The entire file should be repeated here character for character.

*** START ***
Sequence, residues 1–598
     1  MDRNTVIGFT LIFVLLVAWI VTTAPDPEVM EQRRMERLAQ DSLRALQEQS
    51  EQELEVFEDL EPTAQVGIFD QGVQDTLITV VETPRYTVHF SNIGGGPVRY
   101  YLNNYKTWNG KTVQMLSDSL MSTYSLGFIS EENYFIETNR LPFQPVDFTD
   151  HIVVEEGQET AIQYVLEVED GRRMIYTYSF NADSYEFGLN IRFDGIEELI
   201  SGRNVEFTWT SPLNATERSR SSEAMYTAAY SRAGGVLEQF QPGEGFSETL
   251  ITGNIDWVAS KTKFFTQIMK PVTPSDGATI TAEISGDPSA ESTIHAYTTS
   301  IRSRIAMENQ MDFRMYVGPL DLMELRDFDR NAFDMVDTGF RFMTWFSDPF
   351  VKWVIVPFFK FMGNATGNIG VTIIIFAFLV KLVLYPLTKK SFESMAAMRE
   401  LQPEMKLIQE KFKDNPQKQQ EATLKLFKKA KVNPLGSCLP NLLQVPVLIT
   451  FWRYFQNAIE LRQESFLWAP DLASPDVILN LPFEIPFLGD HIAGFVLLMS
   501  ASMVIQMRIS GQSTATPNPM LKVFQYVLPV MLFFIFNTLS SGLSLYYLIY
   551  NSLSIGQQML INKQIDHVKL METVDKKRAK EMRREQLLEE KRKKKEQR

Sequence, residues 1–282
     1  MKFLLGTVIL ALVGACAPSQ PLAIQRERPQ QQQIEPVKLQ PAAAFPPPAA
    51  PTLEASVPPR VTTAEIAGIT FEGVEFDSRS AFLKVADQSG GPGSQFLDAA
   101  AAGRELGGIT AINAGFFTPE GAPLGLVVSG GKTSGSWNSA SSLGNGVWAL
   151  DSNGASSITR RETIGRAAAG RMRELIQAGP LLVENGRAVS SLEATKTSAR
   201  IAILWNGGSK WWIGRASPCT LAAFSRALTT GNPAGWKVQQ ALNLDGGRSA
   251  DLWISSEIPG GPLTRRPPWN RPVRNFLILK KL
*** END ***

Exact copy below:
Sequence, residues 1–598
     1  MDRNTVIGFT LIFVLLVAWI VTTAPDPEVM EQRRMERLAQ DSLRALQEQS
    51  EQELEVFEDL EPTAQVGIFD QGVQDTLITV VETPRYTVHF SNIGGGPVRY
   101  YLNNYKTWNG KTVQMLSDSL MSTYSLGFIS EENYFIETNR LPFQPVDFTD
   151  HIVVEEGQET AIQYVLEVED GRRMIYTYSF NADSYEFGLN IRFDGIEELI
   201  SGRNVEFTWT SPLNATERSR SSEAMYTAAY SRAGGVLEQF QPGEGFSETL
   251  ITGNIDWVAS KTKFFTQIMK PVTPSDGATI TAEISGDPSA ESTIHAYTTS
   301  IRSRIAMENQ MDFRMYVGPL DLMELRDFDR NAFDMVDTGF RFMTWFSDPF
   351  VKWVIVPFFK FMGNATGNIG VTIIIFAFLV KLVLYPLTKK SFESMAAMRE
   401  LQPEMKLIQE KFKDNPQKQQ EATLKLFKKA KVNPLGSCLP NLLQVPVLIT
   451  FWRYFQNAIE LRQESFLWAP DLASPDVILN LPFEIPFLGD HIAGFVLLMS
   501  ASMVIQMRIS GQSTATPNPM LKVFQYVLPV MLFFIFNTLS SGLSLYYLIY
   551  NSLSIGQQML INKQIDHVKL METVDKKRAK EMRREQLLEE KRKKKEQR

Sequence, residues 1–282
     1  MKFLLGTVIL ALVGACAPSQ PLAIQRERPQ QQQIEPVKLQ PAAAFPPPAA
    51  PTLEASVPPR VTTAEIAGIT FEGVEFDSRS AFLKVADQSG GPGSQFLDAA
   101  AAGRELGGIT AINAGFFTPE GAPLGLVVSG GKTSGSWNSA SSLGNGVWAL
   151  DSNGASSITR RETIGRAAAG RMRELIQAGP LLVENGRAVS SLEATKTSAR
   201  IAILWNGGSK WWIGRASPCT LAAFSRALTT GNPAGWKVQQ ALNLDGGRSA
   251  DLWISSEIPG GPLTRRPPWN RPVRNFLILK KL